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We were able to solve a high CPU usage problem by taking advantage of Silverlight's bitmap cache, as described here:

We added the EnableGPUAcceleration parameter to the <object> tag. To bring the CPU usage down to a reasonable level, we had to add CacheMode="BitmapCache" to the root visual grid for the whole app. So I'm wondering if there's any downside to relying so much on the bitmap cache. If it was always beneficial, I assume it would be enabled by default.

I found this similar question with a good answer by AnthonyWJones:

So one downside is that it uses more video RAM. I guess this could make things worse for other graphics-intensive apps running at the same time. Are there any other downsides?

If the graphics card doesn't have enough video RAM to cache everything, I assume Silverlight will degrade gracefully and will just use more CPU cycles to re-render the UI.


Thanks for your help,
Richard

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up vote 4 down vote accepted

After experimenting a great deal with bitmap caching, we ended up turning it off in our application. It works well when you're wanting to use the GPU to execute transforms on a piece of your UI that isn't changing -- for instance, if you have a picture that you want to animate, squish, rotate, etc. But bitmap caching/GPU acceleration (in its current implementation) slows things down pretty dramatically if you're continuing to update the visual tree inside the part of your UI that you'd like to cache/manipulate. If you're just moving around a static bitmap, it makes sense to cache it and use the GPU to accelerate it. But quite often, you might be tweaking pieces somewhere down the visual tree from the piece of your UI that you flagged to cache, and if that's happening, you need to update the GPU's cache each frame, and that's slow, slow, slow.

In other words, whether it makes sense for you to turn it on or not depends entirely on where you turn it on, and what your application is doing. Because of this, my strong recommendation, if you're using bitmap caching, or if you're experiencing performance problems with your Silverlight UI, is to (temporarily) enable cache visualization and redraw regions. Makes your app look funky as hell when they're on, but they're invaluable when it comes to seeing what your UI is doing that's chewing up all your CPU.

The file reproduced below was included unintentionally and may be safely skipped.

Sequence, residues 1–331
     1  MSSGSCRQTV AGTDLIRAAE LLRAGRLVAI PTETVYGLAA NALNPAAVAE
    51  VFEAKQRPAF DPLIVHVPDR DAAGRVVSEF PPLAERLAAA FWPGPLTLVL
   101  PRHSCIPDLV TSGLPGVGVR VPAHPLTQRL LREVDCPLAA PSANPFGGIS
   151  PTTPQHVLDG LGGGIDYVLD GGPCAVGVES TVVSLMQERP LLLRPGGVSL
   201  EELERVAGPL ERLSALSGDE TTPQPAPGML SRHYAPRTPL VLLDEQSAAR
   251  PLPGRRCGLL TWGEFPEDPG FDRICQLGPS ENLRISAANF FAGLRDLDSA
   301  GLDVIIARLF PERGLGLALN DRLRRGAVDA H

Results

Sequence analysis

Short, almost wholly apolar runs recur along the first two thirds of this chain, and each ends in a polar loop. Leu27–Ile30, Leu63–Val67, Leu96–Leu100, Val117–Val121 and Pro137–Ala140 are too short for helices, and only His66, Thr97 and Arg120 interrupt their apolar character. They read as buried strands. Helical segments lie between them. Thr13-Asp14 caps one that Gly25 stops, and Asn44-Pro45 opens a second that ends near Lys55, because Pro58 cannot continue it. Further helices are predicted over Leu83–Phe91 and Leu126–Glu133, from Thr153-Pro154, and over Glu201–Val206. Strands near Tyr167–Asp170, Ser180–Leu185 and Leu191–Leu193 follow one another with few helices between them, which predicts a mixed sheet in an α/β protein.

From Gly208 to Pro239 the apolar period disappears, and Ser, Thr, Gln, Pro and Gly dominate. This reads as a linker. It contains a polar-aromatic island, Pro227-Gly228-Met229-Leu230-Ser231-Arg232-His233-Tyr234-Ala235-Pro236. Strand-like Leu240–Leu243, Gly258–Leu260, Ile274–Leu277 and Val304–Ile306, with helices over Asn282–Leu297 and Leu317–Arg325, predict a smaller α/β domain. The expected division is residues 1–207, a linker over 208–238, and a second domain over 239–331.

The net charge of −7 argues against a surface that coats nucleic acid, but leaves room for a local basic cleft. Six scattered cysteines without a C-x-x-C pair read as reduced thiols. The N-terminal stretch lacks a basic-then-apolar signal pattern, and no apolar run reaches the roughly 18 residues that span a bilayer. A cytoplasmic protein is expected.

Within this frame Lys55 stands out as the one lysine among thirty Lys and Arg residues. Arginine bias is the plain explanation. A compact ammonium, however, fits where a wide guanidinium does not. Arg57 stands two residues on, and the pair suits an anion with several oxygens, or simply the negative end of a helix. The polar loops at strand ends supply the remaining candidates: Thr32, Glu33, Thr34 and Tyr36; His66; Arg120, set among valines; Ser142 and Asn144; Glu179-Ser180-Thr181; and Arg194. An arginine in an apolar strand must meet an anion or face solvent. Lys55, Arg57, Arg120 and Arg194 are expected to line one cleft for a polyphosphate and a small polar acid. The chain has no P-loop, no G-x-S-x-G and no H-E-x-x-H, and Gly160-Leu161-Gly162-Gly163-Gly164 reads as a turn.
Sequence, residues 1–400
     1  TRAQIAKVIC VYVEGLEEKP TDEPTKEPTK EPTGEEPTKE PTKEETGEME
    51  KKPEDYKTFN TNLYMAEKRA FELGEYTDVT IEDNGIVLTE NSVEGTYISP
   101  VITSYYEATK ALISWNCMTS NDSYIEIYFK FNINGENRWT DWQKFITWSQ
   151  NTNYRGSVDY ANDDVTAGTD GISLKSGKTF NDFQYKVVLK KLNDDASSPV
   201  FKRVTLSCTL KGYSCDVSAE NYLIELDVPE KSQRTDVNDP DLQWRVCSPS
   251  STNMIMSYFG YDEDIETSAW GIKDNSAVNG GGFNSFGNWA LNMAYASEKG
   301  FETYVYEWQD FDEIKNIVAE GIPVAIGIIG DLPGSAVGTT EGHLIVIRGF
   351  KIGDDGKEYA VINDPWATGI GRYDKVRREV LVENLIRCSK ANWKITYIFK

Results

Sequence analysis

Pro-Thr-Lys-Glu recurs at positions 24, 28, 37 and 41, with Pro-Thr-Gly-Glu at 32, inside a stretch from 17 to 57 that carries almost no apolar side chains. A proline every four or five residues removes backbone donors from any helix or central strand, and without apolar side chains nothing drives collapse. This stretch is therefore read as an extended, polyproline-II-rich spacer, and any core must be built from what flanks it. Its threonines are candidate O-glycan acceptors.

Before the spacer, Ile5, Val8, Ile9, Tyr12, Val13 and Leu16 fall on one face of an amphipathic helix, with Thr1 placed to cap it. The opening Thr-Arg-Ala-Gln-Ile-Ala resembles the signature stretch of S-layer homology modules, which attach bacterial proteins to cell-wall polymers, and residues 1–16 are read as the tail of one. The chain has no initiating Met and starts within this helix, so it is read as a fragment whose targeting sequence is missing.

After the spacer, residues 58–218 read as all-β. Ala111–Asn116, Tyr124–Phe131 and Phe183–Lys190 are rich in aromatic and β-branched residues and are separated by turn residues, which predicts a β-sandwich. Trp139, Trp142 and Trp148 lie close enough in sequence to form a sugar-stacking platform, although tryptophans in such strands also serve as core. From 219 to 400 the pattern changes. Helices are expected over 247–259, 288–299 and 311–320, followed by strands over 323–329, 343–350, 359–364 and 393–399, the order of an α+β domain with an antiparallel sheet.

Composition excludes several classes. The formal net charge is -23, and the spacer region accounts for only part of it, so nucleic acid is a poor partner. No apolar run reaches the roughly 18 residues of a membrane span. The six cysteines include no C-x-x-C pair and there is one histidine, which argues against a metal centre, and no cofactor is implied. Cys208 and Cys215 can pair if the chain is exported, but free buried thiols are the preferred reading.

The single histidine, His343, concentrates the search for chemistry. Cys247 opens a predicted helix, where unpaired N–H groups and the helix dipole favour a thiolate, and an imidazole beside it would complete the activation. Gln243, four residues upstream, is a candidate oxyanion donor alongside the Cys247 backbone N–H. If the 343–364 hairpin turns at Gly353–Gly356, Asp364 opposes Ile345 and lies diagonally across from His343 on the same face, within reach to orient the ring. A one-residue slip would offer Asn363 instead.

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Thanks! This makes sense. So the caching can slow things down if the area being cached is changing frequently, since it needs to constantly invalidate the cache and re-cache it. Unfortunately I don't know why it's redrawing. I did enable redraw regions, and it didn't show redrawing after I turned on caching... so hopefully it's OK. Thanks again! – Richard Beier Dec 9 '10 at 2:40

I don't see concerns in what you described, but I believe you can over use bitmap caching.

Say for instance you had a 500x500 'top' canvas, and it contained 25 'sub' canvases each 100x100. Lets say we were updating content/colors, etc.. in each of the sub canvases. Lets say there was an event that would move the top canvas on the screen. If all the sub canvases changed at the same interval, it would make sense to only bitmap cache the top canvas. However, if the sub canvases did not all change at the same interval, or sometimes not at all, it could turn out to be more benefitial to set bitmap caching on each sub canvas instead. Taking this one step further If you bitmap cached both the top and each sub canvas, there could be wasted cycles in caching something with no benefit.

Or am I going down a completely different path than what you are asking?

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This makes sense - thanks. We aren't doing any of our own animation, we're just displaying some Telerik grids. I'm not sure what they're doing - the data isn't changing, but with redraw regions enabled I could see the whole screen redrawing. Anyway, I solved the CPU usage issue by doing bitmap caching only on the root element. – Richard Beier Dec 8 '10 at 0:38
    
This video from the Silverlight Firestarter also has some good info on bitmap caching and rendering performance: channel9.msdn.com/Series/Silverlight-Firestarter/… – Richard Beier Dec 8 '10 at 0:39

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